A Practical Guide to the SEC Cybersecurity Rules

By Nitzan Gursky
image March 22, 2024 image 6 MIN READ

Imagine making a significant stock investment in the latest hot tech startup—only to find out, much later, that the firm had been the victim of an undisclosed data breach that seriously damaged its customers, reputation, and infrastructure. Would you have invested in the first place had you known the truth? 

Fortunately, investors no longer have to dread the financial losses of this scenario thanks to the new U.S. Securities and Exchange Commission (SEC) cybersecurity rules that place significant new reporting requirements on public companies under their jurisdiction. The 2023 FBI IC3 report revealed that data breaches caused over $534 million in losses last year, showing the need for better cybersecurity regulations and disclosures in the financial sector.

The new regulations require reporting any ‘material cybersecurity incident’ to the SEC, in their prescribed format, within four business days of the incident occurring. In addition, you must have processes to rapidly determine whether an incident is ‘material’ and have management and board responsibilities assigned to assess and manage material cybersecurity risks. 

Security training and awareness programs are widely recognized as essential components of the kind of effective security strategy that the SEC expects to comply with the new rules.

Is your financial organization’s cybersecurity program disclosure-ready and compliant with the new SEC cybersecurity rules? Let’s examine the key elements of the rules to find out.

The New SEC Cybersecurity Rules: What are they, and who are they for?

The new SEC cybersecurity rules are now in effect, applying to annual reports for fiscal years ending on or after December 15, 2023.

These regulations seek to enhance and standardize cybersecurity disclosures to be ‘more consistent, comparable and decision-useful.‘ They’re designed to introduce greater transparency for all stakeholders regarding the incidence of cybercrime and ensure that organizations have appropriate cybersecurity risk management, strategy, and board-level governance to protect and defend the business.

The New SEC Cybersecurity Rules: What are they, and who are they for?

The new rules apply to public companies subject to the Exchange Act’s reporting requirements. However, the Final Rule release notes that ‘a recent study by two cybersecurity firms found that 98 percent of organizations use at least one third-party vendor that has experienced a breach in the last two years,’ highlighting a potential indirect vulnerability for public companies.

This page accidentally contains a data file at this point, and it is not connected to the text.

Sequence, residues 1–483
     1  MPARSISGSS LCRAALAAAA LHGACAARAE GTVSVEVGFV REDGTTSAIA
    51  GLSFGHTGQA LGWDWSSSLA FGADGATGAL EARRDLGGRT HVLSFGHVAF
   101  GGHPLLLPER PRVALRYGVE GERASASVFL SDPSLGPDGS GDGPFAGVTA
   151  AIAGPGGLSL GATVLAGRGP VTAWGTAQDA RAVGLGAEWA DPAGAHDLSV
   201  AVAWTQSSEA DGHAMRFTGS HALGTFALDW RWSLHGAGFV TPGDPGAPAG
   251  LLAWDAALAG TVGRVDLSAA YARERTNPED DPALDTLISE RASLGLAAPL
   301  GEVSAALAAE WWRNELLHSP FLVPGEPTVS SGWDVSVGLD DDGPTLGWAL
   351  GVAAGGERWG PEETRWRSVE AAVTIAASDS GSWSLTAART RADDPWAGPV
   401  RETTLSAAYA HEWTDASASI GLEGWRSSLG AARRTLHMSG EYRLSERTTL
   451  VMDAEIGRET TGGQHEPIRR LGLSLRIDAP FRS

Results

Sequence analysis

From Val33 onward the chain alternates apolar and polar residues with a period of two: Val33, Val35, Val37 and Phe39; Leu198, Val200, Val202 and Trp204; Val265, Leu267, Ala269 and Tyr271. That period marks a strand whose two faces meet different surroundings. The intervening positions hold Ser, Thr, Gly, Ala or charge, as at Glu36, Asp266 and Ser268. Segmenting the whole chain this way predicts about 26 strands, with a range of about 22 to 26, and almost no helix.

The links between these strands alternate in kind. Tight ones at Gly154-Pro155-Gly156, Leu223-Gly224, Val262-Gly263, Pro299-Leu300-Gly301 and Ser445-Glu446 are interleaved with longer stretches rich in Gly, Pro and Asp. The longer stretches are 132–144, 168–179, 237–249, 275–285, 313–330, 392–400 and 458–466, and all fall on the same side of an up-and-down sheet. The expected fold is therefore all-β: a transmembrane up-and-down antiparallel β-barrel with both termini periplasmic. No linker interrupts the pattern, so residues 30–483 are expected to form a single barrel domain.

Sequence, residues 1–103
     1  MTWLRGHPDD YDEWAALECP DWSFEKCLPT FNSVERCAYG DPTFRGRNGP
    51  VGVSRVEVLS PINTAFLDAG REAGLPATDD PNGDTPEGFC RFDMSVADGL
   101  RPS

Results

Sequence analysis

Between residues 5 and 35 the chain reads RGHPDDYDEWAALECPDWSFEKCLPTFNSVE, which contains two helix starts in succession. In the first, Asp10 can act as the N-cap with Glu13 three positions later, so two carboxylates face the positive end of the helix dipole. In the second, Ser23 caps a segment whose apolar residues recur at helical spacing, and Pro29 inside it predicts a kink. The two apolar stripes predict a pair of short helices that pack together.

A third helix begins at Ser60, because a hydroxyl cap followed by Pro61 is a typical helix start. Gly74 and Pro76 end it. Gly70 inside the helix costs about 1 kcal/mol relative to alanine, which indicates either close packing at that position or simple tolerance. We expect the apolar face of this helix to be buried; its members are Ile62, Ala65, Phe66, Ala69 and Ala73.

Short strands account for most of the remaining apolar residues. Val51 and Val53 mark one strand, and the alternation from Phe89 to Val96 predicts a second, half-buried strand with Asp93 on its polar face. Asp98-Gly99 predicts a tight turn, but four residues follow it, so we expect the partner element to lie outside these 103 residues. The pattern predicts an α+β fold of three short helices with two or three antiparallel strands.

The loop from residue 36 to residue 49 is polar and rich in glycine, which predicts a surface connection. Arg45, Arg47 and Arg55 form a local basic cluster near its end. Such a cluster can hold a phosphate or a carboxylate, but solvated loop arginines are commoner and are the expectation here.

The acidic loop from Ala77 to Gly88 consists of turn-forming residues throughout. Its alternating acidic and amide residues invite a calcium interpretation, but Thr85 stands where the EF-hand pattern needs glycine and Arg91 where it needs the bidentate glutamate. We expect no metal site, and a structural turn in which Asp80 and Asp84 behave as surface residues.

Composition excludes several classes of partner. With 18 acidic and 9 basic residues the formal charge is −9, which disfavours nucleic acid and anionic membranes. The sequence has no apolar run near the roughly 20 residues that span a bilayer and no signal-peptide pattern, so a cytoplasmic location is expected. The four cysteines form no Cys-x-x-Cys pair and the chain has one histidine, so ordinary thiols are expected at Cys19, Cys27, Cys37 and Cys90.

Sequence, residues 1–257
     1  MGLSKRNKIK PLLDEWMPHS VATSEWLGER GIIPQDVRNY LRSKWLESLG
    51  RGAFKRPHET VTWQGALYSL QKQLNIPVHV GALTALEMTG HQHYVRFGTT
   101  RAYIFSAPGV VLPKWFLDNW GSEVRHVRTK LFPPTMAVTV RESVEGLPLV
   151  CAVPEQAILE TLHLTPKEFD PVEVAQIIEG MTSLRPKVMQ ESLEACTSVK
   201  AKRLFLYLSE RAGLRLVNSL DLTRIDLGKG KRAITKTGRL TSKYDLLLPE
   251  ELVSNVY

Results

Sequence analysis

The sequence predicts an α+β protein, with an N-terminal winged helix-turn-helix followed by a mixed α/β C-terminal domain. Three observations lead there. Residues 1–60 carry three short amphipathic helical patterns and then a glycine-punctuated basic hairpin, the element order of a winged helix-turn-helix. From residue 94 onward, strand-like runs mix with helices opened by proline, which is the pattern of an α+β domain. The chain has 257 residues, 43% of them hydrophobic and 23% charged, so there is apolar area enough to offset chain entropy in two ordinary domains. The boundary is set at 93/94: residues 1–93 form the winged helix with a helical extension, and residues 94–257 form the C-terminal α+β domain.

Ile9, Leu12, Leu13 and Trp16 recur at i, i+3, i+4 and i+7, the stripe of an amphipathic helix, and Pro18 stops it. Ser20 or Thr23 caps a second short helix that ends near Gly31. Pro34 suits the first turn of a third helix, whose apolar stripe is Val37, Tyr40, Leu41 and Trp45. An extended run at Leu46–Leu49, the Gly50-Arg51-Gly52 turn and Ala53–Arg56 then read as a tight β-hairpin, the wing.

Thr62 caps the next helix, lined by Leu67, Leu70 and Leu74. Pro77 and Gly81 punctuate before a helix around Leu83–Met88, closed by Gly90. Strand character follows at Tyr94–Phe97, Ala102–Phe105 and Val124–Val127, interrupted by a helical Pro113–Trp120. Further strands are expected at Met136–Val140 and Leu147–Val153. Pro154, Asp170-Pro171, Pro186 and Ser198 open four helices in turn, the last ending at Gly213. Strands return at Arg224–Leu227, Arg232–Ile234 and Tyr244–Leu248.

In other words, while your company may be private, you must comply with the new SEC rules if you have a vendor agreement with a public company. Further, given the significant risk from cybercrime, it makes sense to have a mature cybersecurity risk management strategy in place to comply with SEC rules while safeguarding your business and reassuring your clients. 

What’s in the New SEC Cybersecurity Rules

The new rules focus on improving and standardizing disclosures related to cybersecurity incidents, as well as reporting on cybersecurity governance, risk management, and strategy for public companies. 

Specific requirements include:

1. Disclosure of Cybersecurity Incidents

The SEC’s new disclosure rules aim to increase transparency and provide investors with crucial information about potential risks. Here’s what you need to know about the disclosure process:

Disclosure of Cybersecurity Incidents

In the event of a cybersecurity incident, you are obligated to determine, ‘without unreasonable delay,’ if the incident is considered ‘material.’ This means you need to assess the potential impact on the company’s finances, operations, or reputation.

Material Cybersecurity Incidents

If you determine the incident as ‘material,’ you must file a report using SEC Form 8-K within four business days. This report should detail the incident’s nature, scope, and timing, along with its material impact or reasonably likely material impact.

Determining Materiality

There isn’t a specific financial threshold for materiality. However, the SEC offers guidance based on precedent, referencing a 1976 Supreme Court opinion by Justice Thurgood Marshall. Here’s what constitutes “materiality” according to this precedent:

What’s in the New SEC Cybersecurity Rules

2. Disclosure of Cybersecurity Risk, Management, and Strategy

In their annual report, covered companies must disclose how they assess, identify, and manage material risks from cybersecurity threats using SEC Form 10-K, as per Regulation S-K Item 106(b). This filing is required to:

3. Disclosure of Cybersecurity Governance

Using SEC Form 10-K, financial organizations must set out their cybersecurity governance structure, including: